The Way We Was: WWF King of The Ring 1996

Jamie Lithgow

Just like last week, today we bring you another bonus edition of ‘The Way We Was’. What’s the occasion this time I hear you ask? Well on this week 20 years ago the WWF presented King of The Ring, a pay per view billed as “The Greatest Card Ever in The History of The WWF……. King Of The Ring”. Hindsight tells us that this was a significant event in wrestling history, but let’s see what Austin 3:16 had to say on the matter…

The MECCA arena in Milwaukee, Wisconsin was the venue for the WWF’s annual pilgrimage to crown a new king. As I watched the Network version I did not see the Free For All, but as ever it sounds like I missed nothing of importance. The Bodydonnas defeated The New Rockers after an assist from their new manager, more on that later. Also, my one time favourite to win the King of The Ring tournament, Hunter Hearst Helmsley, defeated Aldo Montoya. Elsewhere, with Jerry ‘The King’ Lawler booked in a match and Mr Perfect set to referee the main event there was a vacancy for a heel commentator. Luckily the hilariously deadpan Owen Hart made for a more than capable substitute. Having berated Vince McMahon and Jim Ross, Owen Hart whipped the announce team into shape just in time for match number one…

King of The Ring Semi Final #1
Stone Cold Steve Austin vs. Wild Man Marc Mero

A solid effort, but Stunning Steve vs. Johnny B. Badd would have been better. The actual match was perfectly fine, but the crowd’s complete indifference to Mero sucked all the drama from this one. The story of the match was Austin’s “heartless” and “mechanical” approach to targeting Mero’s back. Moments of note include Austin suffering a bad looking mouth injury before hitting his newly named ‘Stone Cold Stunner’ to hand Mero his first WWF defeat. As with last week, the Stunner looked a little like a Diamond Cutter/RKO and was hit ‘outta nowhere’ rather than with a kick to the gut. The Wild Man sold the move by writhing around while holding his throat. Some work to do until we see the Stunner we all know and love then. Oh, Owen Hart kept describing the PVC clad Sable as “homely”…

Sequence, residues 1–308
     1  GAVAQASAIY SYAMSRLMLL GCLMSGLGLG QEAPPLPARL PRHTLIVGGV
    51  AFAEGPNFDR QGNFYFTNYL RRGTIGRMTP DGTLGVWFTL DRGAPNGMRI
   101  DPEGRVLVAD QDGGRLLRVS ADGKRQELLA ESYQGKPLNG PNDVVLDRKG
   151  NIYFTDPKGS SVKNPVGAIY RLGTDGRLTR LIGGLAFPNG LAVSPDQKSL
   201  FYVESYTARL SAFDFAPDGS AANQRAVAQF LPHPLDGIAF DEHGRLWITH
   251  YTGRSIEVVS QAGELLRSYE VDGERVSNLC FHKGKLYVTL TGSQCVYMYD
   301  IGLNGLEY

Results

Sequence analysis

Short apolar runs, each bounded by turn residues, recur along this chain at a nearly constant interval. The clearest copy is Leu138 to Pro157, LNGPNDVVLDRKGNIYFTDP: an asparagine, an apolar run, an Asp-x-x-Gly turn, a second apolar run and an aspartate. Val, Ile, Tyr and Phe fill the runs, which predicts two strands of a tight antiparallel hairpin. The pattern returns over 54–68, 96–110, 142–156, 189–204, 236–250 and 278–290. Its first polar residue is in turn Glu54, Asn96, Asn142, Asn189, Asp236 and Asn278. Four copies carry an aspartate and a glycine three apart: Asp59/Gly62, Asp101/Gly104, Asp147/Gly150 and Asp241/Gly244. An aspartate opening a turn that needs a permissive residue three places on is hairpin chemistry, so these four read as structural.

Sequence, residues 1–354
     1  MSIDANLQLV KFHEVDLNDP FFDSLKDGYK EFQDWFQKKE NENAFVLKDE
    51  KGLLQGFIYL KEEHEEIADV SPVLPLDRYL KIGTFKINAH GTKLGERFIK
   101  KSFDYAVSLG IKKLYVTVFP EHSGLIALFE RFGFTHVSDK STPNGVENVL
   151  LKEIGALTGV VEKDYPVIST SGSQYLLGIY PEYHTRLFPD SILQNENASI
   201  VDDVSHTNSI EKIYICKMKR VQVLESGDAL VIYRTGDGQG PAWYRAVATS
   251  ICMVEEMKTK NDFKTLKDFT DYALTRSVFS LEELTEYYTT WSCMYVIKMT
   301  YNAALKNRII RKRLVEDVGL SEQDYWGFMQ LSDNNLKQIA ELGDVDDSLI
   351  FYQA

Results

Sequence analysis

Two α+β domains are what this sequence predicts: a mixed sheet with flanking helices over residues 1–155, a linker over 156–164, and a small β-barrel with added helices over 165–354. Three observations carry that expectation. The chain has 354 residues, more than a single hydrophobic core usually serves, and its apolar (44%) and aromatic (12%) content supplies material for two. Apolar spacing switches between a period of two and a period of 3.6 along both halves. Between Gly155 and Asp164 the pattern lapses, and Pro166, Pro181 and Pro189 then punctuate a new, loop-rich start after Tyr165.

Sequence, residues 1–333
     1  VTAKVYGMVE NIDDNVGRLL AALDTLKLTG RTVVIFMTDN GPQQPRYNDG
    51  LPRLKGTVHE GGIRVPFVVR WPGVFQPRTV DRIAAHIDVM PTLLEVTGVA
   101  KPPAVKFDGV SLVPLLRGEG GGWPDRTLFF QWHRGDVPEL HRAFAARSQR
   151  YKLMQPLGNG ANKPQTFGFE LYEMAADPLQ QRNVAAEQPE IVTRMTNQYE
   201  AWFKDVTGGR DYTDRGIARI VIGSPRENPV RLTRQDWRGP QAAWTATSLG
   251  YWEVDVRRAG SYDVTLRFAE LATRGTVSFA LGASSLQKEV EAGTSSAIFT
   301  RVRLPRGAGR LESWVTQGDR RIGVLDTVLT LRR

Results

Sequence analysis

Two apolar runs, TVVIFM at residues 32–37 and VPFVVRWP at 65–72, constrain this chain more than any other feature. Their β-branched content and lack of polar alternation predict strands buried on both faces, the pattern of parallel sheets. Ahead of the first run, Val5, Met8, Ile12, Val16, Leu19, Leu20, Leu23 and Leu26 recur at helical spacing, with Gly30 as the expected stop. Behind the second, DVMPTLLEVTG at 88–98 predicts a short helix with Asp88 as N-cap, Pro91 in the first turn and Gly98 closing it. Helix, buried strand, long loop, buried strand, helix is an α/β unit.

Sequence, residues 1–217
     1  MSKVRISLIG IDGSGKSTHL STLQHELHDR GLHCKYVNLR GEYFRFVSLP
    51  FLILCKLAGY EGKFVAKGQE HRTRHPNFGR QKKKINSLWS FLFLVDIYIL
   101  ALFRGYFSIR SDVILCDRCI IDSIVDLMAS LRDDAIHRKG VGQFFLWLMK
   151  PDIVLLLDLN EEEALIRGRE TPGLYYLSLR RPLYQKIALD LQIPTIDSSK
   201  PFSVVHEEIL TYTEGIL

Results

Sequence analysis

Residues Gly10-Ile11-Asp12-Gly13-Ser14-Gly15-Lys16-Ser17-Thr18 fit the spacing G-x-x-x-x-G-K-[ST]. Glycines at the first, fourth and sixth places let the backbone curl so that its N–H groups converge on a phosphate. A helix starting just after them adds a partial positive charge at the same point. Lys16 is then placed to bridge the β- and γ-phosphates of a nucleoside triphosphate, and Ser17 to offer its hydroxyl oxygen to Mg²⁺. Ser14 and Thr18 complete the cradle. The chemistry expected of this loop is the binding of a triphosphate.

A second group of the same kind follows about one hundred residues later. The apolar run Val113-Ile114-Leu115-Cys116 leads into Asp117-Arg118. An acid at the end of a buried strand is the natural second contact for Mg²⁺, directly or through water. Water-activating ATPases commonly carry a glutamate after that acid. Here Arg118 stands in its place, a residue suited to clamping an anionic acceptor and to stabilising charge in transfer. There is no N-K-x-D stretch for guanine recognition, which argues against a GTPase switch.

Winner: Stone Cold Steve Austin

King of The Ring Semi Final #2
Jake The Snake Roberts vs. Vader

This was more of an angle than a match. The actual contest lasted less than four minutes, with Vader pummelling the 41 year old Roberts for most of it. Jake actually ducked down in the corner a couple of times to make Vader back off. The DQ finish was called after Vader grabbed the referee as Jake hit the big man with his famous DDT. Vader subsequently lost it and beat the holy shit out of Jake, with his ribs taking much of the punishment. Will he be able to compete in the final??? He’s a babyface, so probably. On commentary Owen insisted that Jake was “an old man” and 51 or 61 years of age. Owen’s perception of Jake’s age increased the longer the show went on. By the end of the final he had Roberts pinned at 80 or 90 years old!

Winner, by DQ: Jake The Snake Roberts

WWF Tag Team Championship Match
The Smoking Gunns (c) vs. The Godwinns

Cloudy, with a chance of meatballs...

Cloudy, with a chance of meatballs…